Joe Biden says he wasn’t excusing the vile racism of James Eastland, the former senator from Mississippi and ardent segregationist, when he talked about how he and Eastland worked together in the Senate. He was just, he says, contrasting their warm relationship to the “civility” now missing from the body, and all of American politics. He was, he insists, expressing sentiments similar to those of Ted Kennedy. More important, he was reflecting one of the core arguments for his candidacy: I know how to reach across seemingly insurmountable divisions, not merely of party and ideology but also of morality and values, to make government work. While his rivals for the 2020 Democratic presidential nomination are excoriating Biden’s remarks, prominent black Democrats like South Carolina’s Jim Clyburn are defending him.
Still, the incident revealed something more fundamental about Biden than his instinct for bipartisanship and compromise: He’s a time traveler.
Story Continued Below
That’s only a quasi-metaphor. Biden is, to use one of his favorite words, literally a figure out of the past, a visitor from history who is burdened with political instincts shaped half a century ago. When Kennedy praised Eastland upon the Mississippi senator’s retirement, the year was 1978. Biden has arrived at the most crucial moment of his career as if he had been transported from a distant time and place, to an arena that in many ways he seems not to comprehend. This core trait of Biden is visible in everything from his jokes to his campaign themes. And it has the potential to fatally undermine his candidacy.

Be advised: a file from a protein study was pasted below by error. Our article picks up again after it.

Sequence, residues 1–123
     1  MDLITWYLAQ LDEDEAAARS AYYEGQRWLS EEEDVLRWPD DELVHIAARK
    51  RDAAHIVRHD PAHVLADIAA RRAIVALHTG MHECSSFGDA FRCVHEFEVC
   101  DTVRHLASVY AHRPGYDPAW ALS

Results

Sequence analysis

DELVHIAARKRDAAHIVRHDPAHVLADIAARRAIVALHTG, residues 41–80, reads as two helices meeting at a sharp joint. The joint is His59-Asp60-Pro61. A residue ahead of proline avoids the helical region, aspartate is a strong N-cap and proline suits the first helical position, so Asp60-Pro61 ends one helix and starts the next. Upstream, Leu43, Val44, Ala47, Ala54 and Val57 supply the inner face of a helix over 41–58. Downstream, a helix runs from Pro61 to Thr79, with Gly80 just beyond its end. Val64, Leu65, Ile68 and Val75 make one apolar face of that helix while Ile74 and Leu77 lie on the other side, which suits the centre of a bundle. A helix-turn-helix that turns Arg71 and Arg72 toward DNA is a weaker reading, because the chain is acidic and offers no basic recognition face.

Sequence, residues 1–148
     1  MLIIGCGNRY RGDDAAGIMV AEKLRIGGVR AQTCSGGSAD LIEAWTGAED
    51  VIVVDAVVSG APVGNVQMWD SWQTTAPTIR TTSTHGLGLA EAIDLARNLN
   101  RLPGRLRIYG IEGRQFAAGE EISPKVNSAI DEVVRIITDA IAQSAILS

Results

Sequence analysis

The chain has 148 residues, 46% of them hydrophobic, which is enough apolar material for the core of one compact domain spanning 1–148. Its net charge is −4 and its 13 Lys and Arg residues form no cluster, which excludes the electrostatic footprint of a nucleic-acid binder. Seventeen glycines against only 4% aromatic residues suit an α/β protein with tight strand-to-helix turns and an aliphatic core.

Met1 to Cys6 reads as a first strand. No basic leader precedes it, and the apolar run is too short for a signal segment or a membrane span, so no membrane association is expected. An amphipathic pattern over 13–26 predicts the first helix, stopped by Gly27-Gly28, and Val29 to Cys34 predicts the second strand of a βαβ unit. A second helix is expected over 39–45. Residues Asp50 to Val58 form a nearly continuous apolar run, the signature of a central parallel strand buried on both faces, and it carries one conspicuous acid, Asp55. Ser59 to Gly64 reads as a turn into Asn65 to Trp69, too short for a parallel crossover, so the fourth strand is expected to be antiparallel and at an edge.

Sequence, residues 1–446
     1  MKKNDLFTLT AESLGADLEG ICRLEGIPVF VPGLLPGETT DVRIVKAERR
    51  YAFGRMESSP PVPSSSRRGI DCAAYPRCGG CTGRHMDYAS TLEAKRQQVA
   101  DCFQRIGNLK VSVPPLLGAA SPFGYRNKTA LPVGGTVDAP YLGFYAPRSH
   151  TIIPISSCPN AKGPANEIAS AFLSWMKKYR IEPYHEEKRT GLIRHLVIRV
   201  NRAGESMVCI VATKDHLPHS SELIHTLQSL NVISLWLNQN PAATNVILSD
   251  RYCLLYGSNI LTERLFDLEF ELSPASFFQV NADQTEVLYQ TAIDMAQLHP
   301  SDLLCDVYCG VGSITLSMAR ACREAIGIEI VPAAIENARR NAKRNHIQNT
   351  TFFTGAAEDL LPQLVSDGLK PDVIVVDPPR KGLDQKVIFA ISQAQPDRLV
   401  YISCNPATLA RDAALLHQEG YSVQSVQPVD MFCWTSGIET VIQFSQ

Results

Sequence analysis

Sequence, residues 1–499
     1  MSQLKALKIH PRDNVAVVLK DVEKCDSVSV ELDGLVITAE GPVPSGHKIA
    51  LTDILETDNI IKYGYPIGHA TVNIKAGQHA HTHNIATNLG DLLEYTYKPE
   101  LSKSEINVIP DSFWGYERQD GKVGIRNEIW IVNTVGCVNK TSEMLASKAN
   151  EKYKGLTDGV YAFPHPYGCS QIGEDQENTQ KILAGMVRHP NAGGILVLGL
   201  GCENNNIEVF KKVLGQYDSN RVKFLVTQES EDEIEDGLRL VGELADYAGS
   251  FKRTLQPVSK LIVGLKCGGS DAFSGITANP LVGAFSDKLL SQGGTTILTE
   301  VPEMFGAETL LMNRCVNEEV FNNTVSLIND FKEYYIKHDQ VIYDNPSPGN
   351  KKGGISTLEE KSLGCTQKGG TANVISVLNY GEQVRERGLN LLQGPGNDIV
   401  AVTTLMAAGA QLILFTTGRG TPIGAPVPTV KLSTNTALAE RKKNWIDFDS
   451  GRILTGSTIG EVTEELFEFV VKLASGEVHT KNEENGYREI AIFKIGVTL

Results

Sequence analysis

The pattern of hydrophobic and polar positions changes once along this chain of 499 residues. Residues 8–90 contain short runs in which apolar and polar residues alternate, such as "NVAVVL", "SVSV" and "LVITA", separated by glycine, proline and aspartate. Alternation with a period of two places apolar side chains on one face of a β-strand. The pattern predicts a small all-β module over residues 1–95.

Like most of us, politicians carry with them powerful influences from their past. Lyndon Johnson never forgot the humiliations of his youth, the poverty and loss of status that crushed his father. Richard Nixon never forgot the scorn of the elites as he pursued the espionage case against Alger Hiss. For Biden, his enduring memories and his understanding of politics were shaped by his entry into the U.S. Senate in 1973 just as he turned 30 years old.
It was a Senate dominated by Southern Democrats, who held the whip hand over just about every aspect of American politics. Herman Talmadge of Georgia chaired the Agriculture Committee; Arkansas’ John McClellan chaired Appropriations; Mississippi’s John Stennis oversaw Armed Services; Alabama’s John Sparkman chaired Banking; Russell Long of Louisiana headed Finance, and Eastland chaired the Judiciary Committee, as he would do from 1955 until his retirement 20 years later.
These Southern potentates, and their forebears, made common cause with FDR, JFK and LBJ on matters of domestic policy, but they drew the line on matters of race. And Democratic presidents, and liberal senators, had to find ways to live and work with this fundamental fact. Social Security? Yes, but not for maids and farmworkers. A role for federal financing of mortgages for the middle class? Yes, but federal agencies red-lined black neighborhoods and ensured that the suburbs would be segregated. Tribute was paid to racism on a regular basis, and make no mistake, racism was why these men held power, and at the core of how they wielded it.
Georgia’s Richard Russell, hailed as a parliamentary genius for his mastery of Senate rules—one of the three Senate office buildings is named for him—used that mastery to kill decades of civil rights legislation. And while Russell wrapped himself in the mantle of constitutional principles, his biographer Gilbert C. Fite wrote, “White supremacy and racial segregation were to him cardinal principles for good and workable human relationships.” An academic study concluded that “Russell believed that blacks were inferior to whites, both biologically and socially, and therefore blacks needed white guidance and control in order to survive and prosper.”
As for Eastland, here is what he told a meeting of the White Citizens Council in the mid 1950s, as told in Robert Caro’s Master of the Senate: “When in the course of human events it becomes necessary to abolish the Negro race, proper methods should be used. Among these are guns, bows and arrows, slingshots and knives.”